After all this time of researching my family, I’ve never been to the NC Archives. For that matter I’ve not even been to the ancestral homelands of Everetts, Williamston, and Hamilton, NC, which are located in Martin County, either.

But that’s all about to change, hopefully, as this past Saturday, I ventured toward our state capital for the first time in a long time to attend a one-day workshop / lecture series on the Old North State’s Archives.

The workshop was a series of 4 lectures and was put on by The Friends of the Archives. We were informed that it has been over 15 years since The Friends have done anything like this due to “competition” from the various genealogical societies and other groups sponsoring these types of events.

The workshop covered the following topics in the order given:

  • A Virtual Tour of the North Carolina Archives
  • Tar Heels in the Family Tree? A Genealogical Introduction to North Carolina Records
  • Get Excited about your Pre-1870 NC African American Research
  • Finding Your North Carolina Revolutionary War Solider or Patriot

I attended all 4 sessions, although I must admit that I really wasn’t paying attention for the last one, Finding Your North Carolina Revolutionary War Solider or Patriot.

 A Virtual Tour of the North Carolina Archives

Debbi Blake, the Public Services Branch Head of the North Carolina State Archives, presented “A Virtual Tour of the North Carolina Archives.” Debbi began her presentation by stating that any serious researcher will need to visit the archives at some point in their research.

The first and definitely the most valuable piece of advice that Debbi gave was be prepared when visiting the NC Archives. Know what you are looking and why you are looking for it so that you can make the most efficient use of your time at the NC Archives. Debbi pointed out that it is easy to get distracted by all the records. Don’t ignore the other records. Make note of them so that if time permits you can come back to them after accomplishing your goals for the visit.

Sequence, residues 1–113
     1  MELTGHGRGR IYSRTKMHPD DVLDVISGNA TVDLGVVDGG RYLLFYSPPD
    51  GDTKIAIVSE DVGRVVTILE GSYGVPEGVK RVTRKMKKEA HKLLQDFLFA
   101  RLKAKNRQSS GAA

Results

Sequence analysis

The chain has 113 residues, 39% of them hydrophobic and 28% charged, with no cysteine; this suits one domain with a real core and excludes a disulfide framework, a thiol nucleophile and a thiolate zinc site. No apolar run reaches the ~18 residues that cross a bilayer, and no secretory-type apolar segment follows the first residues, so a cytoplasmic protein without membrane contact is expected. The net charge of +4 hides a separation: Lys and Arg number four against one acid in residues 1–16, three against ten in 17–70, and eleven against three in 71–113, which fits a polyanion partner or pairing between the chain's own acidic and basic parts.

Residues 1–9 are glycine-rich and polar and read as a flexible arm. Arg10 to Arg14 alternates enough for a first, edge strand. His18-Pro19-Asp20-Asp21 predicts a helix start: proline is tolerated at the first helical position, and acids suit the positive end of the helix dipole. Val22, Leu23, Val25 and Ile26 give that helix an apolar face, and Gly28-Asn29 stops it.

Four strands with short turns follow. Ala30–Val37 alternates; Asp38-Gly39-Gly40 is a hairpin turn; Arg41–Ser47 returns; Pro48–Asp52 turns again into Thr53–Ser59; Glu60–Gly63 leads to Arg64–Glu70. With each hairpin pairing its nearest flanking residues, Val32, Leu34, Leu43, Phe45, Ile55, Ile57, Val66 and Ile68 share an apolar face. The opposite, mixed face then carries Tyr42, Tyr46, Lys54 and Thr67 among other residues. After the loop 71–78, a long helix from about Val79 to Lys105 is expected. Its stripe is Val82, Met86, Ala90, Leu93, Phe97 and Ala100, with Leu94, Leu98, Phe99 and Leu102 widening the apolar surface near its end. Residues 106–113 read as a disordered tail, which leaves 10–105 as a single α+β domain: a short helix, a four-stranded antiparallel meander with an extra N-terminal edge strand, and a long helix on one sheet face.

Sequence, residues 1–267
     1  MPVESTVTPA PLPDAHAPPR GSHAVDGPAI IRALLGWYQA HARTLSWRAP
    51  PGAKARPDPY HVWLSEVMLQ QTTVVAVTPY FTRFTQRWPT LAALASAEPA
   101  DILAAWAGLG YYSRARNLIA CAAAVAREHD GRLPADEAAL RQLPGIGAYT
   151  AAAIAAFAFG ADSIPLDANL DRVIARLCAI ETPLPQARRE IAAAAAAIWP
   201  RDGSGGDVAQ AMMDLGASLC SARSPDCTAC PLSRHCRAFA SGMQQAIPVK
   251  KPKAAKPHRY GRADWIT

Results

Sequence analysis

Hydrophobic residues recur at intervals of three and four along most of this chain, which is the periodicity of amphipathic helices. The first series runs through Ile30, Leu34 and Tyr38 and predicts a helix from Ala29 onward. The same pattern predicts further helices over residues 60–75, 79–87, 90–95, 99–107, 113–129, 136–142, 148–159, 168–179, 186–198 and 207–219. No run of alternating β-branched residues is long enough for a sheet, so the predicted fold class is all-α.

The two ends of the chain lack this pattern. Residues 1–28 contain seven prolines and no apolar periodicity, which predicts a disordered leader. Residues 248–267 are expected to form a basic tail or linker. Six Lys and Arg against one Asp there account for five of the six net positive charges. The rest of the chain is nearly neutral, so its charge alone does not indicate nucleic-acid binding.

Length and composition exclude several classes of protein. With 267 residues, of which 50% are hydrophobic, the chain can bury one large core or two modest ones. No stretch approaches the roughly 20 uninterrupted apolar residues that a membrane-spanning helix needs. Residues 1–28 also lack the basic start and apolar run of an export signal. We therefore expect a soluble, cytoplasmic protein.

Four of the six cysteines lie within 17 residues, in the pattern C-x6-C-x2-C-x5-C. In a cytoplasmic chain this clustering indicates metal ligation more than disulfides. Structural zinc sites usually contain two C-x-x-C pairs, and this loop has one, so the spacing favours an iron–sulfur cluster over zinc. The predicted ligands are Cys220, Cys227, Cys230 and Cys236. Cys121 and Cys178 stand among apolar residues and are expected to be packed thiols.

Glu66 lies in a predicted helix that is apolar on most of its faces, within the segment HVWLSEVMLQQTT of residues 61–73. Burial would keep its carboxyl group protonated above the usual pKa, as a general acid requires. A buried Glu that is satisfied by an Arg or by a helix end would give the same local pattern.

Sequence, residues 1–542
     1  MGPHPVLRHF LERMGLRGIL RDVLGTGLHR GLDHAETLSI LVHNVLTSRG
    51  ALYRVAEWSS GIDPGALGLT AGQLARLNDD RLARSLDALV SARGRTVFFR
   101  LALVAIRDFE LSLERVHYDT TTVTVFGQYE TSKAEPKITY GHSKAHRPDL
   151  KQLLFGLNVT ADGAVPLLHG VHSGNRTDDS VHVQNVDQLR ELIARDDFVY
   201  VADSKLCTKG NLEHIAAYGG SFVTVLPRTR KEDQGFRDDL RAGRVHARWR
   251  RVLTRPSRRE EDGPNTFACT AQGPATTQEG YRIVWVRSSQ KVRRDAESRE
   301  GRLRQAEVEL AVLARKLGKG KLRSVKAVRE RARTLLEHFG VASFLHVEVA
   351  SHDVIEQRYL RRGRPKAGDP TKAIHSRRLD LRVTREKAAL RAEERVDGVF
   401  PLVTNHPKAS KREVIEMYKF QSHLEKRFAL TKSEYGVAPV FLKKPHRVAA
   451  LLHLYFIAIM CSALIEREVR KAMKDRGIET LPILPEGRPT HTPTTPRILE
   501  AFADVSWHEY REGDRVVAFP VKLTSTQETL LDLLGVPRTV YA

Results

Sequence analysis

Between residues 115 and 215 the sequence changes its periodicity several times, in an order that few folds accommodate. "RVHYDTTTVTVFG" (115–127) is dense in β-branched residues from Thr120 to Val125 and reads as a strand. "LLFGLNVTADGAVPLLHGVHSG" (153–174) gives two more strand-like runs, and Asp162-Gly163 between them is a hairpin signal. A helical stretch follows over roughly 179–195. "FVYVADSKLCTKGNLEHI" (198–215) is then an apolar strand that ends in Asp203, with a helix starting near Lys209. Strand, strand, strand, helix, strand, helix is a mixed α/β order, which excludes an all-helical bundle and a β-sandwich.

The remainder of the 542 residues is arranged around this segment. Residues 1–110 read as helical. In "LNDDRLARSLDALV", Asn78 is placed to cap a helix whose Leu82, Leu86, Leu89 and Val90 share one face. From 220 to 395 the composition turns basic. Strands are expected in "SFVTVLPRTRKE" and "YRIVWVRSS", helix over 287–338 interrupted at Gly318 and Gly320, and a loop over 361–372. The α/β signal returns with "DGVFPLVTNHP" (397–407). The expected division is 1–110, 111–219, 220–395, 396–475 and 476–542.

Debbi also took the time to remind the audience that an Archivist job is to provide documents not make decisions about the relevancy of the documents. Understanding this is another reason to be prepared. We, the researchers, are the only ones who can determine if a document is relevant to our search efforts.

We were also provided with a map that showed which NC counties had suffered loss of records due to fires or other mishaps. 

The map is located in the Guide to County Records in the North Carolina State Archives, which I finally broke down and purchased during one of the breaks. The Guide provides a county-by-county listing of the records located in the NC Archives.

Debbi also covered some of the basics of doing research at the NC Archives, which are:

  • Upon arrival at the Archives, you will need to go through security. Inappropriate materials such as briefcases, large tote bags, maps, manuscripts cannot be taken into the Archives Search Room. If you arrive with these materials, a locker area is provided for storage while you are in the Search Room.

  • In order to enter the search room, you will need to register at the security desk, providing positive identification after which you will be issued an ID card in order to request material.

  • Once inside the search room, materials are requested via a call slip. The call slip must contain the patron’s ID number. The patron submits the ID card to the archive staff while records are checked out.

Finally, during the question and answer session, some of the best ways to search on the Manuscript and Archives Reference System (MARS) were addressed. MARS frustrates many folks. The Archives are looking into moving to another system but for now have not come across anything else that can handle everything that MARS does. So, as with most database search systems, the key to working with MARS is to start broad and then narrow it down. How many times have we heard this, regardless of whether we are working with Ancestry’s database, FamilySearch’s database, etc.?

We were also informed that tutorials are available on the website to assist in learning how to use the system.

That concludes the highlights of the first lecture. The remaining lectures will be addressed in future posts.